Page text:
"The superhero blockbuster Black Panther is the most recent exception to Hollywood’s “golden rule:” the only color that matters is green, and in the name of green, one should downplay Black. Maryann Erigha confronts the implications of this rule in The Hollywood Jim Crow, which traces how the conflation of race and economics works, in the minds of the white men who dominate the industry, to marginalize Black stories and Black talent at the movies. Through a careful analysis of more than a decade of box office data, film budgets, and incriminating insider statements about the role race plays in shaping industry decision-making, Erigha exposes the centrality of ghettoization processes in a key American cultural forum."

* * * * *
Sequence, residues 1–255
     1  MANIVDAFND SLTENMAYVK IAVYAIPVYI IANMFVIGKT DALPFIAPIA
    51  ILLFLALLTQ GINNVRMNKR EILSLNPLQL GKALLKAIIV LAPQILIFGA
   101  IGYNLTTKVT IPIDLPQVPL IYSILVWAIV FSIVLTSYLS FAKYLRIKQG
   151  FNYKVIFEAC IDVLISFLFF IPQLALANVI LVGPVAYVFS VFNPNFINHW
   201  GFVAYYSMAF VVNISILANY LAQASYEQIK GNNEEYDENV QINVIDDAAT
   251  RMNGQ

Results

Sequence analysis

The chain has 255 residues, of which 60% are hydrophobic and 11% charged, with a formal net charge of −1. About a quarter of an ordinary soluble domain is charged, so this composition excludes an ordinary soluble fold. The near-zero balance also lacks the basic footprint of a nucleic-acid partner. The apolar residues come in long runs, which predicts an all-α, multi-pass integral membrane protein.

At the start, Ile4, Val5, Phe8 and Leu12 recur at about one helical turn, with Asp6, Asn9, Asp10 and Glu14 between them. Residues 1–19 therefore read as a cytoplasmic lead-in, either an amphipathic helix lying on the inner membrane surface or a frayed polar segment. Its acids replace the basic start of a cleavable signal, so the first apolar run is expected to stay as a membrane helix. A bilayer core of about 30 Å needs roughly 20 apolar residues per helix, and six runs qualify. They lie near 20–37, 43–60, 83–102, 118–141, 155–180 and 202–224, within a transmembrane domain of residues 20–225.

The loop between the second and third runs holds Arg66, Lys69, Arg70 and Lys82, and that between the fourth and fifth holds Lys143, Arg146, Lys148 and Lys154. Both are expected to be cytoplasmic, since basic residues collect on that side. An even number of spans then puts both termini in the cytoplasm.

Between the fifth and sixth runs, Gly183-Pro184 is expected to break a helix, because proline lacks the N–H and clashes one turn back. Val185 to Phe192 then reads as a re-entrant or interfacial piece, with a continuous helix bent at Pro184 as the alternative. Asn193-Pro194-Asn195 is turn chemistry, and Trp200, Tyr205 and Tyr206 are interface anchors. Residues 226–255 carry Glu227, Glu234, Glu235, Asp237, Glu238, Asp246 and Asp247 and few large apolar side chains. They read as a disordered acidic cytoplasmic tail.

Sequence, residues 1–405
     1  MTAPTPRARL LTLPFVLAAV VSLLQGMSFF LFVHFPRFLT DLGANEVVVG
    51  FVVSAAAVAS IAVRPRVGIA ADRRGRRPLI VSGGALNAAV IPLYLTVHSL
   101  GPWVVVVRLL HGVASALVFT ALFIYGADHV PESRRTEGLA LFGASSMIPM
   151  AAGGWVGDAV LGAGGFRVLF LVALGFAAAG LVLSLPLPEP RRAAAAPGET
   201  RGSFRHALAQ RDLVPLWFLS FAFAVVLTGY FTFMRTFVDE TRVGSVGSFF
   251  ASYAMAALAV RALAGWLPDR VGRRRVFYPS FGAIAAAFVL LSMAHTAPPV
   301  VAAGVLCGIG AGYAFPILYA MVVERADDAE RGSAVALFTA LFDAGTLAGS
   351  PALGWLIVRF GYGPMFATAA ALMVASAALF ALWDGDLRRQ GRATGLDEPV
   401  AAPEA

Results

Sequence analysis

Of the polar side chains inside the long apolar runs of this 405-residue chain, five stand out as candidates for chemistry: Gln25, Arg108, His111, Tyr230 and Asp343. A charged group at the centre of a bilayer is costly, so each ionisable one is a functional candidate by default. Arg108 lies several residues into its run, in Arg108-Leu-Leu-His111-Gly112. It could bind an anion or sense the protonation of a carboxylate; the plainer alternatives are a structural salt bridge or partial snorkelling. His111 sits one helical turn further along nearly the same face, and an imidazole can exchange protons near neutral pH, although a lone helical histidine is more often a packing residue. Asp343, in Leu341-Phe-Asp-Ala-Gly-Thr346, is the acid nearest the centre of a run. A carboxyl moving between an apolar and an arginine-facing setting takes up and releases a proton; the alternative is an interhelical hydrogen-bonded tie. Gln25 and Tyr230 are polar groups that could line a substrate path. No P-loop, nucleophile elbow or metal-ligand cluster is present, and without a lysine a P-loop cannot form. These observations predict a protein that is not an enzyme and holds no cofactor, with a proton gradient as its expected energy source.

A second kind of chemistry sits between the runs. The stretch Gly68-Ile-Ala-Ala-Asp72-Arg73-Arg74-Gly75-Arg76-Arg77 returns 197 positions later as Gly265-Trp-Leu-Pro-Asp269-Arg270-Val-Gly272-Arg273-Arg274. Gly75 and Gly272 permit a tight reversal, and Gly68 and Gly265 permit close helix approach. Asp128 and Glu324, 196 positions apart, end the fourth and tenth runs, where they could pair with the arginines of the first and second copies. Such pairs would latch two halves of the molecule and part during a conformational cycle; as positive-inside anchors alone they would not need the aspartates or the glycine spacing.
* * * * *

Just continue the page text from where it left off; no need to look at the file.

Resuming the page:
—Darnell Hunt, Co-editor of Black Los Angeles: American Dreams and Racial Realities
"A convincing analysis of structural barriers and attitudes that obstruct black filmmakers in today's culture. . . . A meaningful tribute to the achievements of pioneer directors and a sharp call for studios to keep trying harder to acknowledge structural racism."
"Erigha analyzes the barriers that black filmmakers face in Hollywood . . . this well-written work demonstrates a cogent understanding of institutional racism . . . Anyone seeking to study, and dismantle, structures of oppression will appreciate this clarifying read."
—STARRED Library Journal
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